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What Happens After Taking Cancer Tables For 5 Years?

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What Happens After Taking Cancer Tables For 5 Years?

Postby Hod » Sat Oct 07, 2017 8:48 am

My mother has breast cancer? Her doctor told her to take letroz tablet for 5 years. But i am worried what will happen after 5 years. I have searched on google that many people die after 5 years. Is it true? Please say frankly.
Hod
 
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What Happens After Taking Cancer Tables For 5 Years?

Postby sandon » Sat Oct 07, 2017 9:18 am

They're just keeping her estrogen levels down, so she must have had hormone-influenced breast cancer. Five years is the amount of time specialists monitor closely to make sure any cancer doesn't recur. After that 5 years they consider it a "cure" instead of a "remission".


You need to know the ~stage~ of her breast cancer. If it was caught in an early stage, her odds of survival are very good. If caught at a late stage, it gets less optimistic.


But please know that breast cancer is not a very deadly disease any more. There have been so many advances in treatment that it's one of the cancers that has good survivability.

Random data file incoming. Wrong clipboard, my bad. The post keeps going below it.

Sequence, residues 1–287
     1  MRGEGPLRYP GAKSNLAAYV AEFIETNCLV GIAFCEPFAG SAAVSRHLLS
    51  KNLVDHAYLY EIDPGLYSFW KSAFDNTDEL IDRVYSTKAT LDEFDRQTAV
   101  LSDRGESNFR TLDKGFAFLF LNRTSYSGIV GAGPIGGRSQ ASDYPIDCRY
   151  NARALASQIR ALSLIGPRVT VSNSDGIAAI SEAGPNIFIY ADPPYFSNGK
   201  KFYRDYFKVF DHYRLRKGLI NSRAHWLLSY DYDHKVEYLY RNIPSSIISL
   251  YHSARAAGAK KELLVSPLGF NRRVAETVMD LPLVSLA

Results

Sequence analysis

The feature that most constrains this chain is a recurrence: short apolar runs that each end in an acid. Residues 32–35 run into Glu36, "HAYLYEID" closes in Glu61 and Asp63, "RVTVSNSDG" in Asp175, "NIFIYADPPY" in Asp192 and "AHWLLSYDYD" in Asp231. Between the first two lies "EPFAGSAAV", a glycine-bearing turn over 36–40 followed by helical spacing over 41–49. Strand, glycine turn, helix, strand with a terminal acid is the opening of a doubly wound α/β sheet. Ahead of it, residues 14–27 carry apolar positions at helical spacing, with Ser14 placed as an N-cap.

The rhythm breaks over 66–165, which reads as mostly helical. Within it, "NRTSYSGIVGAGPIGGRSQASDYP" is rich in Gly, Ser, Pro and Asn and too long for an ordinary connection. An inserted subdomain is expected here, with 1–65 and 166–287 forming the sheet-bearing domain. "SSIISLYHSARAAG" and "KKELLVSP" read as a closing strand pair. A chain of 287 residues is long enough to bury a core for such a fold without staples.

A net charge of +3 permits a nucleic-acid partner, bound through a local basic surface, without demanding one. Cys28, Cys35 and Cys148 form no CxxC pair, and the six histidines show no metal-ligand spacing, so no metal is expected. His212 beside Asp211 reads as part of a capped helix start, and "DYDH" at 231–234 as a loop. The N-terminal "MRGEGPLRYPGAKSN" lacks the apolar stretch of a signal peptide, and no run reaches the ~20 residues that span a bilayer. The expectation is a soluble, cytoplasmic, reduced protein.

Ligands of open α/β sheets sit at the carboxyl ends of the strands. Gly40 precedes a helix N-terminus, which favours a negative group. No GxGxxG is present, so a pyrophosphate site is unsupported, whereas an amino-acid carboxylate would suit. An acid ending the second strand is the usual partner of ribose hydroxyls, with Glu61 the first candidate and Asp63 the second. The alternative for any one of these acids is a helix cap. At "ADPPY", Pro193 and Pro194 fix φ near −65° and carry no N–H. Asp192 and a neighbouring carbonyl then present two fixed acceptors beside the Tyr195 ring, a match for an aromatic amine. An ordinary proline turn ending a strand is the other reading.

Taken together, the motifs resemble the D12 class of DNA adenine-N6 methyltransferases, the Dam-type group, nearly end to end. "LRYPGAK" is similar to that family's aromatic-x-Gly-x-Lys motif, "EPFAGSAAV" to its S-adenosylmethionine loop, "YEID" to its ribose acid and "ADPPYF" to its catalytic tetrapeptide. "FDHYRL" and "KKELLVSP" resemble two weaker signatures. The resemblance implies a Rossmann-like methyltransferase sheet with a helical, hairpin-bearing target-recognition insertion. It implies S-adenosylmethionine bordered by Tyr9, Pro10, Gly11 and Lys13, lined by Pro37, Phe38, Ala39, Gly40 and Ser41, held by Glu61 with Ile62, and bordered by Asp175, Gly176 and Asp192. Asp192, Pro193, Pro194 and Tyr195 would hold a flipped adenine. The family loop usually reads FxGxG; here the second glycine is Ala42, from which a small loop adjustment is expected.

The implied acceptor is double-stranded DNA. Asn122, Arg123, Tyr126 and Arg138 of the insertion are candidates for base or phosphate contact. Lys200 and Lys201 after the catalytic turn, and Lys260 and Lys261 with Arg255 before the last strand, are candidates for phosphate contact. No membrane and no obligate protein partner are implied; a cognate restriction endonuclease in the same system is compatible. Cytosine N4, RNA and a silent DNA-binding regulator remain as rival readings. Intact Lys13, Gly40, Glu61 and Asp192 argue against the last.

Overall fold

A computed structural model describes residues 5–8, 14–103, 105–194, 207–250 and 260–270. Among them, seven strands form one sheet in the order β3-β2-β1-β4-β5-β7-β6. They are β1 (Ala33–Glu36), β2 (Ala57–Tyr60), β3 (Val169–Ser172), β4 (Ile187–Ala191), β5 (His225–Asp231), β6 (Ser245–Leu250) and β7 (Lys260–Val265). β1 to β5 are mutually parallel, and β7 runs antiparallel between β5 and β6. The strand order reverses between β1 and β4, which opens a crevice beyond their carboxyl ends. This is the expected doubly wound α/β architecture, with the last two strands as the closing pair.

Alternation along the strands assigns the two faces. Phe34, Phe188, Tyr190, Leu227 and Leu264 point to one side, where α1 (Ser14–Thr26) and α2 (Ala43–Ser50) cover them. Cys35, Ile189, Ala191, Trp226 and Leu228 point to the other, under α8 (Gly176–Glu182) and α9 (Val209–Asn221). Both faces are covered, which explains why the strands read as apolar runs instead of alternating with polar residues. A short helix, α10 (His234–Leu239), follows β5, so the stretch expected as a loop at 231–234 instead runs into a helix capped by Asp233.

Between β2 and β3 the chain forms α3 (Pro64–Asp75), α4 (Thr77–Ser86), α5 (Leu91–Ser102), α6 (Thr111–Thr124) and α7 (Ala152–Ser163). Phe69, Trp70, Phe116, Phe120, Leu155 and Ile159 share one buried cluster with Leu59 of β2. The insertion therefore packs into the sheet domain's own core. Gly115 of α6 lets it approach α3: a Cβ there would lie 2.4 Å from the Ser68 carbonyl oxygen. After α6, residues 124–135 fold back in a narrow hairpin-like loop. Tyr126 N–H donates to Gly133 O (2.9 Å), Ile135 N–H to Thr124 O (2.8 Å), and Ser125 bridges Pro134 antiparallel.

sandon
 
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What Happens After Taking Cancer Tables For 5 Years?

Postby Mistie » Sat Oct 07, 2017 9:19 am

She lives in the land of "I hope it doesn't come back." Many doctors extend hormone tablets to ten years.
That could be a consideration.
There's no way of predicting who will respond positively to treatments.
If we knew that, NO ONE would die of the disease.

@Marianne ... 40,000 women ... in the US alone ... dies of breast cancer every year.
While treatments have been successful in the past, that number has not changed for about 20 - 30 years.


40,000 women (and some men).
Internationally, the number is much higher.


I was originally diagnosed with Stage IIIb with an immediate relapse.
This past week, while participating in a Phase 1b clinical trial, I met my roommate.
She's 40 years old; was originally diagnosed at age 28 with Stage 1 breast cancer ... had double mastectomy and chemotherapy.
Twelve years later, she was just diagnosed Stage IV with a recurrence in the chest wall as the original breast (where she no longer has a breast) and it's spread to her lymph nodes, sternum and lungs.


Both she and I will end up being a part of those statistics that will reflect our deaths.
But, I guess it's okay for you to say that "breast cancer is not a very deadly disease any more." However, your statement is a lie.
Mistie
 
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